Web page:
Conversion of the Apostle Paul by Michelangelo Buonarroti

Conversion of the Apostle Paul by Michelangelo Buonarroti

Here Michelangelo depicted the scene of the conversion of St. Paul. The New Testament tells how the Jew Saul, the persecutor of Christians, went in search of them, to bring them to Jerusalem and there to be punished.

For three days, Saul was blind and was healed by the word of God by his disciple, after which he was baptized and soon became the apostle Paul. Michelangelo depicted the moment when the Lord sheds a seed on His future follower, and he, blinded, falls from his horse to the ground.

The earth, as if seen by the artist from above, looks uplifted, besides its surface leans slightly to the left, and it seems that the main character continues to fall. But at the same time, a desperate gesture of a raised hand hints that Saul is ready to rise and go to a new life. The people around him are scared, someone is running away, someone is being covered with a shield from the blinding aurora, someone is holding back a horse rearing up, someone is rushing to a fallen. At the same time, everything here seemed to stop, as it happens when a bright flash of light snatches a picture out of the dark.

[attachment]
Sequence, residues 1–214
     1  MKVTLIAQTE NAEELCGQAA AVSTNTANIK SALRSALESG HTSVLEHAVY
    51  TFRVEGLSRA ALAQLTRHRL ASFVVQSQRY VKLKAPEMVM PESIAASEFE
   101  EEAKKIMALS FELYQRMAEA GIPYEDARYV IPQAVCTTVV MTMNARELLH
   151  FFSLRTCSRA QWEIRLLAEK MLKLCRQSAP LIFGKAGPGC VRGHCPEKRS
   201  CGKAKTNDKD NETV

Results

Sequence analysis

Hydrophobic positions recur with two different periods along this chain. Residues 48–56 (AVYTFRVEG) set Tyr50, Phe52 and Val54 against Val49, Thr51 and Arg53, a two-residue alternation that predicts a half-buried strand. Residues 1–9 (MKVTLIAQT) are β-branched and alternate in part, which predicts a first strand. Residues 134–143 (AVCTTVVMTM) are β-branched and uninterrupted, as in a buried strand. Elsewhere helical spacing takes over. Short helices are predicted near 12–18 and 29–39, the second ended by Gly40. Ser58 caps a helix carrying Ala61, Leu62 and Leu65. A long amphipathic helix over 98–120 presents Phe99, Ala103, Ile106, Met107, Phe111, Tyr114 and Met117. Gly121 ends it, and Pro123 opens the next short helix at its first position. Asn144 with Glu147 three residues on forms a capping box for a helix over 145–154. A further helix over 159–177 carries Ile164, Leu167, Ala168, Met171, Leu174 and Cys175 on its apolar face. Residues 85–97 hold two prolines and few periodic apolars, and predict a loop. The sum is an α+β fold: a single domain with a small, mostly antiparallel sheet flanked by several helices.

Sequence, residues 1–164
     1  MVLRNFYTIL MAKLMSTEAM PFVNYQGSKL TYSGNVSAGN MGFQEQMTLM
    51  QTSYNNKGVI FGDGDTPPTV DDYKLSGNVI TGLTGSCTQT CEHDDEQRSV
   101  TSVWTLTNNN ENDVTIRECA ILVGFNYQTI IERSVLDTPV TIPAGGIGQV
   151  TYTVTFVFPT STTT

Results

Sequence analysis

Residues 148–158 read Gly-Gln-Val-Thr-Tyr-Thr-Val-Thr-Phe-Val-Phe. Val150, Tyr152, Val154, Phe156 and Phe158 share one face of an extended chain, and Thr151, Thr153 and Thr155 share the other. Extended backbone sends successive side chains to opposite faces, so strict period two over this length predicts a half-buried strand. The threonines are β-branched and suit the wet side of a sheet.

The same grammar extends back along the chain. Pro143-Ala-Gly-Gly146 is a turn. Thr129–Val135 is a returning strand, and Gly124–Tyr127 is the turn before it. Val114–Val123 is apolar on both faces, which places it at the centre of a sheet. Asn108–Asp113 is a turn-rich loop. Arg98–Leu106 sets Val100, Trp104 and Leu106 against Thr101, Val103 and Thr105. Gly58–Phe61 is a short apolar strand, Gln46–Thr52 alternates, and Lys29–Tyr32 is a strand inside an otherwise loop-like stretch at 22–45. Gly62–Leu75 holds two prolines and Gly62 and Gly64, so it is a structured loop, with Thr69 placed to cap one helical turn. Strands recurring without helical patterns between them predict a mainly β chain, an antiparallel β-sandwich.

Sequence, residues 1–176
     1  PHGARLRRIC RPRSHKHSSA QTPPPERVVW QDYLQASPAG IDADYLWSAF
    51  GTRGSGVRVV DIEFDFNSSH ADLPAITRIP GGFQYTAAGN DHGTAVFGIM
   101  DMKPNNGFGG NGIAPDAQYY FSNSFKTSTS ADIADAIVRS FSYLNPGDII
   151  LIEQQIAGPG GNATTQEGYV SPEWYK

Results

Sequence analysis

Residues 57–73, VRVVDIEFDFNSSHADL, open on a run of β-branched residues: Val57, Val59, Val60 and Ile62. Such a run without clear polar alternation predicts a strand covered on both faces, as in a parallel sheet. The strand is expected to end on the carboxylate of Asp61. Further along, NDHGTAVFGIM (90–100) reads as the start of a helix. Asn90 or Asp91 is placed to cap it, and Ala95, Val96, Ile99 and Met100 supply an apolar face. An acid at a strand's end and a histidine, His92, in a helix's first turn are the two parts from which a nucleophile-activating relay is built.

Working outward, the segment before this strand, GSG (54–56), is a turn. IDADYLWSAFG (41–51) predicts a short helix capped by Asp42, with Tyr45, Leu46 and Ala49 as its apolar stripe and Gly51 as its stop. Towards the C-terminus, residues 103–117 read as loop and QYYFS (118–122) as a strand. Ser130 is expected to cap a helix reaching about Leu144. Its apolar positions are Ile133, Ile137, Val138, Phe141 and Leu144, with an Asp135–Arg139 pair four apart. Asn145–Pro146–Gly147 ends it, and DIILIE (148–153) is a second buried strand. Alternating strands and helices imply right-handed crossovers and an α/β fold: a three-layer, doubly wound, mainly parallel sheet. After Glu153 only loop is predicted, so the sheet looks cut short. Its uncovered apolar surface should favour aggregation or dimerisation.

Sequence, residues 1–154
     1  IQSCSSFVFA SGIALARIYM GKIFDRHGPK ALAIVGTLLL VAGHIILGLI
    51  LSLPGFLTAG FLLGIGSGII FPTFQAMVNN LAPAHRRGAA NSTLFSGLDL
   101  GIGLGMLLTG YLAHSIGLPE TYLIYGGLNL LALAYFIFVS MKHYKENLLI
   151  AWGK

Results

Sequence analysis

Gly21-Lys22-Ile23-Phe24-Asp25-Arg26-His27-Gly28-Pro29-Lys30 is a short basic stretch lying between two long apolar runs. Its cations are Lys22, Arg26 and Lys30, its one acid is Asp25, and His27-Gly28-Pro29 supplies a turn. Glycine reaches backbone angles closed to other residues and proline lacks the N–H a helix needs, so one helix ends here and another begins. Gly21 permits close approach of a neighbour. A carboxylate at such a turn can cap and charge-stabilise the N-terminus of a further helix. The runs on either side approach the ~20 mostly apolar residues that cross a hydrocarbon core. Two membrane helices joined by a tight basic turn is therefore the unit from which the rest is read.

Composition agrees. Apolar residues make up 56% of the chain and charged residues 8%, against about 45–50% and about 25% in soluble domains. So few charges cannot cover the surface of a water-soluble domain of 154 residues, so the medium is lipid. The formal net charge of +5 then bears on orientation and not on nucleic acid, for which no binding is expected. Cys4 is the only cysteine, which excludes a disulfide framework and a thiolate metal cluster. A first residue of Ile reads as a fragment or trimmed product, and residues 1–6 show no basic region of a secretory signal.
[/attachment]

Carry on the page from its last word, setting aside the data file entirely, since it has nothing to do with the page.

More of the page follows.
The combination of dynamics and static character introduces a special tension in the image. Some figures, such as those located below, are cut off by the edge of the fresco, and it seems that what is happening continues beyond its borders. In addition, Michelangelo enters into the composition a landscape as if seen from the sky, which gives the scene a cosmic scale.

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